Wednesday, February 18, 2015

The Ultimate Editing List



Click to Tweet: Are you trying to edit your manuscript? Check out @ChrysFey Ultimate Editing List: http://bit.ly/1QAQMUK #amediting #indie #writers


For a FREE PDF of this entire post that you can download to your computer, click this link: The Ultimate Editing List



Through years of writing, editing, and learning I have created a master list of words/phrases that I eliminate from my writing. I use the “Find” tool in Microsoft Word to help me with this task.

I have shared posts in the past with select words that every writer should try to cut such as: Eliminate Redundancies and Words to Cut out of Your Writing, but I am combining both lists plus including dozens more here:


Redundant/incorrect phrases to fix:
•     He thought to himself = He thought
•     She made her way = She went
•     Low/soft whisper = Whisper
•     Checked/check out = Checked/check
•     Reason(s) why = Reason(s)
•     Right here = Here
•     Meet with = Meet
•     Final outcome = Outcome
•     Added bonus = Bonus
•     Total blackout = Blackout
•     Bald-headed = Bald
•     Visibly Upset = Upset
•     Try out = Try
•     Each and every = Each
•     As many as = Up to
•     Turned back = Turned
•     Turned around = Turned
•     Return back = Return
•     Continued on = Continued

Take out words such as "up" and "down."
•     Stand/stood up = Stand/stood
•     Sit/sat down = Sit/sat
•     Lifted/picked up = Lifted/picked
•     Knelt/stooped down = Knelt/stooped
•     Dropped down = dropped
•     Descended down = Descended
•     Woke/wake up = Woke/wake
•     Rise up = Rise
•     Rest up = Rest
•     Fix up = Fix

Why? Because the direction/action is already stated.


Here is a list of words to cut because they clutter sentences:
·        That
·         Just
·         Only
·         Really
·         Very
·         Both

Example: She swore that it would never happen again.
Better: She swore it would never happen again.

Example: Jamie and Matt both wanted ice cream
Better: Jamie and Matt wanted ice cream.

Note: While I try to eliminate as many of these as I can, I still use “just” and “only” every now and then, like in dialogue. 


Cut these words to make clear, assertive statements:
·         Almost
·         Slightly
·         Seemed
·         Perhaps
·         Maybe
·         Simply
·         Somehow
·         Kind of
·         Sort of
·         A little
·         Absolutely
·         Basically
·         Actually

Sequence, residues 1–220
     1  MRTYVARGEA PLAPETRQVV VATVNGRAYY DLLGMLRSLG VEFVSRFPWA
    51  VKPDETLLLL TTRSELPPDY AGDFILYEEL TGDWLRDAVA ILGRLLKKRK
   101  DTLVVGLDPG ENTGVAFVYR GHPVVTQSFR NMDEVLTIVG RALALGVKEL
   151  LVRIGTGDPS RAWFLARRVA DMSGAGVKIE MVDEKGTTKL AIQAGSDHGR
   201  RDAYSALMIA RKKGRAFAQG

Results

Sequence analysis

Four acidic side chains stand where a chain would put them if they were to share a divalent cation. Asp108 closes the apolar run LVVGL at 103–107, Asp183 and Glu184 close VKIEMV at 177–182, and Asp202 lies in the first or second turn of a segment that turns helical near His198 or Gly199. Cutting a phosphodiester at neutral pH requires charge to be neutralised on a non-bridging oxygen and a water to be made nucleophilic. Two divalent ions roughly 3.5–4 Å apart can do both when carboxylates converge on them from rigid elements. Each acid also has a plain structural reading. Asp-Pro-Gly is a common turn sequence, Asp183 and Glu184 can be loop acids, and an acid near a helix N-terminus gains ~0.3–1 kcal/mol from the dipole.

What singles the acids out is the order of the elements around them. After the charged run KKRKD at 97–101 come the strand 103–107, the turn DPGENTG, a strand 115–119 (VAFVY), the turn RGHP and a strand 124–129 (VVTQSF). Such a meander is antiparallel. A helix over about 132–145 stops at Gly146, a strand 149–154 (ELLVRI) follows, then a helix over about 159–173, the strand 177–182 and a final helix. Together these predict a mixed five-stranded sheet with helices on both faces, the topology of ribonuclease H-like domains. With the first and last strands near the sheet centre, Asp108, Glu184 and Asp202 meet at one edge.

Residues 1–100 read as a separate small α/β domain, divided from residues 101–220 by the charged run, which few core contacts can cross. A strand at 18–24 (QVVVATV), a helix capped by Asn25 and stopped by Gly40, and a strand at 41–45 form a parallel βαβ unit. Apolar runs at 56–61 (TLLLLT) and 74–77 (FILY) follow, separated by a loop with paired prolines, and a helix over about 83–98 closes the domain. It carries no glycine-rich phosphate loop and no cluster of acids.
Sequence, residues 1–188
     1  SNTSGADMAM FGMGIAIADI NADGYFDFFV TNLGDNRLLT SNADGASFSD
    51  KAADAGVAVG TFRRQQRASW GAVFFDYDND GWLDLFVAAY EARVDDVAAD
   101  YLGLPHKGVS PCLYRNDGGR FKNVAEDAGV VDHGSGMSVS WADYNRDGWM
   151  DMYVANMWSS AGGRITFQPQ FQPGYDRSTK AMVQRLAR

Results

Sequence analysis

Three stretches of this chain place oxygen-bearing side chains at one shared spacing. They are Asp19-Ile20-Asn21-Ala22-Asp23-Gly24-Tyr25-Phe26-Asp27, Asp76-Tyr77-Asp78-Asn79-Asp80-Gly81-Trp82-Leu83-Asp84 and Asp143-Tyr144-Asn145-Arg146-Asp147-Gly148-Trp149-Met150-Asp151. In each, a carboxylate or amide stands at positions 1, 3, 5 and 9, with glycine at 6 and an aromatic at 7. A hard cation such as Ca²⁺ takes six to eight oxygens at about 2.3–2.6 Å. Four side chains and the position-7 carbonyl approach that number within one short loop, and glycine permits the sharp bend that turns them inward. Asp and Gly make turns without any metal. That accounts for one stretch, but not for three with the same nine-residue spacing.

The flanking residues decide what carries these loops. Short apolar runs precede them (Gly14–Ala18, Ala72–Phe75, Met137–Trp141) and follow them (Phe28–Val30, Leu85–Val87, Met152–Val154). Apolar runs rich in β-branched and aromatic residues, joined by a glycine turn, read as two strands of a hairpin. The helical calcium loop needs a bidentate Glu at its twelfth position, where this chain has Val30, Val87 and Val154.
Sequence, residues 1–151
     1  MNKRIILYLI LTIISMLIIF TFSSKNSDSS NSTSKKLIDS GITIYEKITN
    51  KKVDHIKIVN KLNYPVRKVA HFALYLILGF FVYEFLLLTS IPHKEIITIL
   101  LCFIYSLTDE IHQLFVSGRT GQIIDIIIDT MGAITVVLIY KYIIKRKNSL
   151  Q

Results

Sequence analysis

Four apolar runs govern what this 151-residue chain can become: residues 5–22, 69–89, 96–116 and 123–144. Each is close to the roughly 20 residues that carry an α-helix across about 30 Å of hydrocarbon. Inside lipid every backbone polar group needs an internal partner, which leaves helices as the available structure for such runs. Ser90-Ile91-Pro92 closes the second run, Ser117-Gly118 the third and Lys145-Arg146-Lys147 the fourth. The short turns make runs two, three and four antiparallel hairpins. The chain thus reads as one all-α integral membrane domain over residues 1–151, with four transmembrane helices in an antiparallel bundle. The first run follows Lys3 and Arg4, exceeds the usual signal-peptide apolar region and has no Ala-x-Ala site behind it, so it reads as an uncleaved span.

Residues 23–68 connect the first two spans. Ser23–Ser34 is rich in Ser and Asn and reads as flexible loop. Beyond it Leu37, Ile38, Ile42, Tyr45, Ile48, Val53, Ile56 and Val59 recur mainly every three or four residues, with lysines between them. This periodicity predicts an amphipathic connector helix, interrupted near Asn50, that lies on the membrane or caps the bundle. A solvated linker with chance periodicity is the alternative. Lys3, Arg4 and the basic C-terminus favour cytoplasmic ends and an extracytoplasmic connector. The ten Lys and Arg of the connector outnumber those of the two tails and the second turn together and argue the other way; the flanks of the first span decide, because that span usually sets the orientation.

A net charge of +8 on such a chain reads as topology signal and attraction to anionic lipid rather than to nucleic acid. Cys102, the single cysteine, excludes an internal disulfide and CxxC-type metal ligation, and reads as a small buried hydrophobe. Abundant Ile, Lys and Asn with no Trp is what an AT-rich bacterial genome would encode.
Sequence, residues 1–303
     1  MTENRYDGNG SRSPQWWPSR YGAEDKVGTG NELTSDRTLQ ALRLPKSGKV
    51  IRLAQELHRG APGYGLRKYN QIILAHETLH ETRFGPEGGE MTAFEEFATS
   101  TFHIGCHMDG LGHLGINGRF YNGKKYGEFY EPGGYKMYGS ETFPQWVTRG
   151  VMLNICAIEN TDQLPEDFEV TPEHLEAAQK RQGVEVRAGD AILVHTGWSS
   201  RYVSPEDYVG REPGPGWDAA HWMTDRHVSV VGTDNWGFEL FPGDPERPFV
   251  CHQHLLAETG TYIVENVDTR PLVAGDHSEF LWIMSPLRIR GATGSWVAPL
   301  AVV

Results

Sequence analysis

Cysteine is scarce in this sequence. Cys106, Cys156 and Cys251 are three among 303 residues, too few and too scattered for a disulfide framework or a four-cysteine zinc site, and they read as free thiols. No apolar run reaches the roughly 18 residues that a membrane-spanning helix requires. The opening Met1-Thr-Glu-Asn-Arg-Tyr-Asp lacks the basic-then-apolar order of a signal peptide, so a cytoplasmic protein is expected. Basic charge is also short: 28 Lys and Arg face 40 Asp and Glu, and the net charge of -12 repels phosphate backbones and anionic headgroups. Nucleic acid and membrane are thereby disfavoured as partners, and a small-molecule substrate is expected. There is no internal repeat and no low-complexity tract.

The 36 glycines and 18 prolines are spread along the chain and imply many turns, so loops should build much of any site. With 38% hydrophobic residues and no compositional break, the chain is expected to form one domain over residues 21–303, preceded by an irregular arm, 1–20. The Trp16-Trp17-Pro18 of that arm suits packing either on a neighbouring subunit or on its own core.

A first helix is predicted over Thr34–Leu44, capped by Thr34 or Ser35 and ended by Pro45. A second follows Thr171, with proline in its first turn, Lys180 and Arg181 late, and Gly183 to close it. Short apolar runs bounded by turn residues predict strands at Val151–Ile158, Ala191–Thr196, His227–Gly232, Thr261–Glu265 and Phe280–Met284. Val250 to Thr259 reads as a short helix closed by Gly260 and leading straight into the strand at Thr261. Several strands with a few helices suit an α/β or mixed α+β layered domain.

·         Instead
·         Usually
·         Now

Example: The cut hurt slightly.
Better: The cut hurt.

Example: Now stop it!
Better: Stop it!

Image from Pixabay

Phrases to eliminate to make your writing more specific:
·         There was/were
·         There is/are
·         It was
·         That had been

Example: “It was a dark and stormy night.”
Better: The night was dark and stormy.

Tell your readers exactly what “it,” “that,” and “there” refers to so your meaning is clear.


Cut these phrases to eliminate telling:
·         He/She/I felt
·         He/She/I saw (or watched)


Correct phrase meanings/uses:
·         Site is a place
·         Sight is vision
·         Affect (verb) means to influence someone/thing (weather conditions affect)
·         Effect (noun) is a result of something (side effects of medication)
·         Could careless = Couldn’t careless
·         Shouldn’t of = Shouldn’t have (same for "wouldn't of" and "couldn't of")
·         six year old girl = six-year-old girl
·         By who = By whom
·         Only had = Had only
·         Try and = Try to
·         All of = All
·         Off of = Off


Eliminate passive voice:
·         was
·         were
·         Had/have been
·         Being
·         Will be

Passive voice is when the subject of a sentence is acted upon. Active Voice is when the subject of a sentence is the doer of the action.

Passive: Ben was attacked by a swarm of bees.
Active: A swarm of bees attacked Ben.

NOTE: It's not totally wrong to use passive voice. For example: "My car was stolen!" is a correct sentence if your character doesn't know who stole their car. 


Eliminate Telling:
  • He/she felt